Revolving Consumer Credit Jumps by Most on Record

Balances Haven’t Fully Returned to Pre-Pandemic Levels, Though

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Balances on credit cards and other revolving consumer loans haven’t returned to pre-pandemic levels, but November saw a record jump. 

Revolving credit balances—consisting mostly of credit card debt—climbed $19.8 billion from October to $1.04 trillion, an annualized growth rate of 23.4%—the biggest jump for at least the last two decades of data recorded, the Federal Reserve reported Friday. Balances still aren’t back to the $1.1 trillion seen in February 2020, just before COVID-19 shutdowns put a brake on spending, but the sharp uptick gets them closer.

Early in the pandemic, people had few places to go out and spend money and at the same time, government stimulus provided people with money that many used to pay down debt. But then people started moving about more freely and stimulus programs started to expire. 

November’s increase likely was due partly to improving confidence in the economy after the delta variant of the coronavirus fueled a spike in cases in late summer, said Shandor Whitcher, an economist at Moody’s Analytics. Cases have surged again since the omicron variant emerged in late November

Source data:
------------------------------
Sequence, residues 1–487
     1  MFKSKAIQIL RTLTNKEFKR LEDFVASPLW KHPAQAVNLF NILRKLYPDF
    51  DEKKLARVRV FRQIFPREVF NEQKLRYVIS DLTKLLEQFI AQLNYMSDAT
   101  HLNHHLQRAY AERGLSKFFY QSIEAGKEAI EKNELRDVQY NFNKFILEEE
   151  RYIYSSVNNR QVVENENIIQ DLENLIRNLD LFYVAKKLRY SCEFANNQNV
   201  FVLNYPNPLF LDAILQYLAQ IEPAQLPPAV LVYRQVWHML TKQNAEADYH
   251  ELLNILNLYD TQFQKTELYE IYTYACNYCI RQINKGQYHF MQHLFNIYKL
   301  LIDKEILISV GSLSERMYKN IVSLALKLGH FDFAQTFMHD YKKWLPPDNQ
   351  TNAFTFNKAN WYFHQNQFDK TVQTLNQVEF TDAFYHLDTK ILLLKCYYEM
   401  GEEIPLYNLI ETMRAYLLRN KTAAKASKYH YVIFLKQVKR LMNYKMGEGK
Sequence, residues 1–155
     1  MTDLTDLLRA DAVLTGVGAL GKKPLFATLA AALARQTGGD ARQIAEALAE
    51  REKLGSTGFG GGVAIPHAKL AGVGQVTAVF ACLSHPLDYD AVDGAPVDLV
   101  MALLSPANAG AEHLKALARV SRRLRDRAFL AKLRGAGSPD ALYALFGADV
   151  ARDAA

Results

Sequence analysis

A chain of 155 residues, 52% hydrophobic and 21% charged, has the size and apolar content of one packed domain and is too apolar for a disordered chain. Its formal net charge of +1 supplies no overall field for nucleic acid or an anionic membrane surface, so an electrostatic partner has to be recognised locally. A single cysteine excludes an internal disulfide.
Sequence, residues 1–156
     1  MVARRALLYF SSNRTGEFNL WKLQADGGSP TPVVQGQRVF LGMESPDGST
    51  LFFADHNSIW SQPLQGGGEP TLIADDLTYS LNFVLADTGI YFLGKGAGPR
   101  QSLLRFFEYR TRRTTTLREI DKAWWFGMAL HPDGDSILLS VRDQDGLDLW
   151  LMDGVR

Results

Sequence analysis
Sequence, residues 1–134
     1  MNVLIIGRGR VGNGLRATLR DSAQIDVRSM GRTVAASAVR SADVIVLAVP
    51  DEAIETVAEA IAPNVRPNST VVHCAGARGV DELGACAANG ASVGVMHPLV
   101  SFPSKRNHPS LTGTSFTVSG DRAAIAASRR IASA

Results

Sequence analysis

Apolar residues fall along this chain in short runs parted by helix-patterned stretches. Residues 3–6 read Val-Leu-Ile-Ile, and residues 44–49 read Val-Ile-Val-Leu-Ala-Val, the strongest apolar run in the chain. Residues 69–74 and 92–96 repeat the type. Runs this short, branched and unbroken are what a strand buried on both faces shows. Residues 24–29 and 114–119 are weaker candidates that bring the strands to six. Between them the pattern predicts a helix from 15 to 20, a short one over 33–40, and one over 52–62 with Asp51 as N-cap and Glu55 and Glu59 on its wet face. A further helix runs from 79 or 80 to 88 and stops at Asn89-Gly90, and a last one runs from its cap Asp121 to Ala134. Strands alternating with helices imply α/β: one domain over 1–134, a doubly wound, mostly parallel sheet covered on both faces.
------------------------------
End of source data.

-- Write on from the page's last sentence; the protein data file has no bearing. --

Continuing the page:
“Growth may slow in the subsequent months as consumers tighten their belts during the Omicron wave,” Whitcher wrote in a commentary.

Total outstanding consumer credit, which includes both revolving and nonrevolving credit like auto and student loans, increased by $39.9 billion in November from October, an annualized rate of 11%. The rise was more than double economists’ expectations for a $19.5 billion gain, according to Moody’s Analytics.  Nonrevolving credit rose $20.1 billion, an annual rate of 7.2%.

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  1. Federal Reserve. “Data Download Program - Chart - G.19 - Consumer Credit.” Click on “Percent Change of Total Revolving Consumer Credit, Seasonally Adjusted at an Annual Rate.”

  2. Federal Reserve. “The Fed - Consumer Credit - G.19.”

  3. Moody’s. “Consumer Credit.“

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